I was in Sendai recently with a couple of hours to spare, so I set out to see what I could find in the way of sashiko in the centre of the city.
Sendai is the capital city of Miyagi Prefecture, part of the northern region of Japan known as Tohoku, where the three main types of sashiko originated. Shonai sashiko (of which hitomezashi is typical) comes from Yamagata prefecture, on the eastern border of Miyagi, while kogin sashiko and nanbu hishizashi originated in Aomori prefecture, which is north of Miyagi but with Iwate prefecture in between.
I didn’t have to go very far to make my first discovery. Less than a hundred metres from my hotel I found TRY6, a community-sponsored business incubator shop for local entrepreneurs, where my eyes were immediately drawn to a couple of shelves with a beautiful display of small items such as brooches, buttons and hair-ties stitched with kogin and Shonai sashiko. These were the work of an artist whose needle name is engawa. I couldn’t resist buying a charming brooch of white komenohana zashi (rice flower) stitched on indigo-dyed cloth. According to engawa's website, s/he was born in Hokkaido, lives in Sendai, and has been stitching sashiko items since 2013. Take a look at this link (in Japanese) to see more of engawa’s delightful creations. “minne” and “creema”, by the way, are online Japanese shops.
The helpful manager in TRY6 gave me a tip about another gallery he thought might have some sashiko, and sure enough when I reached the galerie arbre, I discovered the work of two more sashikoists.
Kogin mameco, the needle name of a lady who specializes in kogin sashiko, had a lovely range of book covers, zip pouches and pencil cases on display. Once again, however, I couldn’t resist the brooches, and purchased a sweet button-sized brooch covered in a rough-weave beige cloth stitched with a red ume no hana (plum flower). See Kogin mameco’s work here.
Hitomezashi and kogin sashiko are currently extremely popular in Japan, so I was not surprised that all the sashiko I had found so far was exclusively in those two styles. The sashikoist known as harinoto, who lives in Tochigi prefecture (which is not Tohoku) and whose work I also discovered in galerie arbre, however, was doing something quite original with kogin. Harinoto had made a series of coasters representing the six prefectures in Tohoku, stitched with a kogin-style motif emblematic of each prefecture. These were apples for Aomori, iron tea-pots for Iwate, woven straw horses for Akita, wooden kokeshi dolls for Miyagi, cherries for Yamagata, and toy red cows for Fukushima. Naturally I bought a kokeshi doll coaster as a souvenir of my visit to Miyagi.
I tracked down harinoto’s blog and found that she has also published a book about kogin sashiko. Koginzashi moyo asobi (Playing around with kogin sashiko patterns) Nihon Vogue, 2016 (Amazon Japan affiliate link)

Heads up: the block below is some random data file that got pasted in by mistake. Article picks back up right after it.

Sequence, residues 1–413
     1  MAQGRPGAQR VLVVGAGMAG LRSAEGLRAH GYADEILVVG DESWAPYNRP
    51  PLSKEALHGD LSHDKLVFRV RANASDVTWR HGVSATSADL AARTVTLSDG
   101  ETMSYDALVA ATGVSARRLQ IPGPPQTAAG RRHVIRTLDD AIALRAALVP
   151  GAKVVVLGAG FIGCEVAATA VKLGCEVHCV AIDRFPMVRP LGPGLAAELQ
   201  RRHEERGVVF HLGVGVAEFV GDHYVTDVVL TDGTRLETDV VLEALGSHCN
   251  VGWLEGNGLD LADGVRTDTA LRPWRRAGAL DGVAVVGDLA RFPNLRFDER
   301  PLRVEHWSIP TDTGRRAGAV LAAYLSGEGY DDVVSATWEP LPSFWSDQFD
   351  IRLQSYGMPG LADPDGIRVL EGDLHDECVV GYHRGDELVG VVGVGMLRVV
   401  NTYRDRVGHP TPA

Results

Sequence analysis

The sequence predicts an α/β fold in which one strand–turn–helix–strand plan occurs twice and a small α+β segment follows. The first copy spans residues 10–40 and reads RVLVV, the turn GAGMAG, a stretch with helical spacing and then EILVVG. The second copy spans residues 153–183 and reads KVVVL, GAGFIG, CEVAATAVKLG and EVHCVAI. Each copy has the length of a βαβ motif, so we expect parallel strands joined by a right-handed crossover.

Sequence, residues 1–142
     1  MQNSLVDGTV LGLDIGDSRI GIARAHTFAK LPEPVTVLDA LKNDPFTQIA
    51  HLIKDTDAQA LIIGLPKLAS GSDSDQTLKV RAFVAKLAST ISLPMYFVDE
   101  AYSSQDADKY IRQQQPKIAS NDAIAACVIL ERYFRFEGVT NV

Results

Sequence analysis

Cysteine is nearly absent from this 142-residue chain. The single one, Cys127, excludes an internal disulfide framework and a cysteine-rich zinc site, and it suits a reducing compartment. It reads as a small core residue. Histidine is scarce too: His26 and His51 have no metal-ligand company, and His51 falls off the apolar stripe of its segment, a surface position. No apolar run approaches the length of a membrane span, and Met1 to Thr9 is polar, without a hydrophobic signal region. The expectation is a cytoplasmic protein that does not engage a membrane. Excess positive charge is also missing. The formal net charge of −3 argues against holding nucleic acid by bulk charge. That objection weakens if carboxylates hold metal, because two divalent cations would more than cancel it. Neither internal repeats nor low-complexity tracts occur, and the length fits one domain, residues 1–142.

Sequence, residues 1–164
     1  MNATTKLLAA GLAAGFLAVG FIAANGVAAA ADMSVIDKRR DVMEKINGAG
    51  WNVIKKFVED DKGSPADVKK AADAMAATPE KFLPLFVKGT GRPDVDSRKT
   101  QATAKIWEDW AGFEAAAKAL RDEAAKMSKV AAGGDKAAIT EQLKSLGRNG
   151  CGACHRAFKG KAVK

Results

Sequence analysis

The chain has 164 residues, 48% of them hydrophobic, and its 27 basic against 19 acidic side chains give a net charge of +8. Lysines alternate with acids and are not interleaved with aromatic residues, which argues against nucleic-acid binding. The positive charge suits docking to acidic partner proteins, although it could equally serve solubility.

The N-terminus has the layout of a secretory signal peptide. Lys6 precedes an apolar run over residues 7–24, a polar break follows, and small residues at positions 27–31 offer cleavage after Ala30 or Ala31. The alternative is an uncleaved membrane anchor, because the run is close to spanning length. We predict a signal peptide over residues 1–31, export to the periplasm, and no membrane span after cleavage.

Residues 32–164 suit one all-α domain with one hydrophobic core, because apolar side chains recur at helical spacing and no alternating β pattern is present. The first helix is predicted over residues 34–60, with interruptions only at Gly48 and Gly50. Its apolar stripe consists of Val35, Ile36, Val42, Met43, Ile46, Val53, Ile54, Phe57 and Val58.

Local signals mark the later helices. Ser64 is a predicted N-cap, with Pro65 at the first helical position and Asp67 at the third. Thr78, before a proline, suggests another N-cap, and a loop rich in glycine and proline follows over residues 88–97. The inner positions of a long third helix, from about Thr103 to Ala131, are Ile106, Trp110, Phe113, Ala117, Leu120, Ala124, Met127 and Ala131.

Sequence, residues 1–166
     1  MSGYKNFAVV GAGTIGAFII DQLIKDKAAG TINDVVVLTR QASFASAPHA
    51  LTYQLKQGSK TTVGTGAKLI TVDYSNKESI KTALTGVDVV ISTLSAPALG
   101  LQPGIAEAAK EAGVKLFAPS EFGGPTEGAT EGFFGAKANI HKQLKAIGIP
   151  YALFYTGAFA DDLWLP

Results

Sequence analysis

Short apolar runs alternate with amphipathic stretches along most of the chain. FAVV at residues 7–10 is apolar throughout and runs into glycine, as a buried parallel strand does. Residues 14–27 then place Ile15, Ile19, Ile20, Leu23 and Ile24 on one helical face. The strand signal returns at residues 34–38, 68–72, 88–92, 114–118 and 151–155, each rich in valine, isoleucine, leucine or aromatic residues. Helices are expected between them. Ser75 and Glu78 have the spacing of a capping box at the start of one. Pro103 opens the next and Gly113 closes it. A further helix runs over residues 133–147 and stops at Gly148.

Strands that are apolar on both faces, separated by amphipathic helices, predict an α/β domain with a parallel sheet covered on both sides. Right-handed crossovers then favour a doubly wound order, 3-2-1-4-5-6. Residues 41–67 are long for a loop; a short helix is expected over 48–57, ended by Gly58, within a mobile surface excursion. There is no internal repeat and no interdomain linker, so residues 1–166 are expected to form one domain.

All in all it was a very pleasant and satisfying way to while away a few hours, walking around the backstreets of Sendai in search of sashiko!
New years greetings and best wishes for happy stitching in 2018!
I love the beginning of a new year, when anything still seems possible. This year I am especially excited to be starting the year with my Watts Sashiko website. I’d dreamed of making this happen for a long time and was thrilled last year to finally get started. There are still many refinements to make and projects to get started, but little by little I’m moving forward. Please sign up for the newsletter if you’d like to get monthly updates of my progress.
I’m thrilled to be starting on the next phase of my vision – the subscription kits. Kits were very important to me when I first started sashiko, as I had no one to consult or teach me (in pre-internet days), but finding and choosing them was always a random process, and I was often confused by the instructions. That experience led me to the idea of offering subscription sets. If I can deliver a short series of kits in a particular style, with instructions translated by me, and subscribers can share that experience with each other, then overall it should add up to a fun and informative experience of learning about sashiko.
So for my first offering I have three special order Hitomezashi (‘one stitch’) kits from Olympus, which you won’t find available anywhere else on the internet. Hitomezashi is typical of Shonai sashiko one of the three major sashiko styles. The deadline for ordering this series is January 15th.
I’m such a fan of sashiko that I often forget other people don’t necessarily know what the appeal is. But when I was visiting Australia over Christmas, and talking about my doings naturally enough, I was asked many questions about it. And to put my answers in a nutshell this is what I said: Sashiko is beautiful, practical, fun, easy and good for you!
It’s true, sashiko is easy – but it has depth — and If I can do sashiko, anybody can. I’m not crafty or good at sewing, but I can stitch sashiko and make beautiful things. It’s extremely satisfying, and such a great outlet for latent artistic ambitions. And as for the part about sashiko being good for you, well, if you take a look at comments columns and online groups related to sashiko, you’ll find many people say the same thing: doing sashiko makes them feel better because it’s relaxing, soothing and meditative. In fact, I always say it’s better than drugs.
Oh, and another thing, sashiko is not just for women! Historically men also did sashiko (though it was largely women’s work to be sure), and nowadays men around the world are also getting into it.
Sashiko changed my life. Why not give it a chance to change yours too?
I love sashiko. I love its simplicity and complexity, I love looking at it, doing it, reading about it, and talking about it.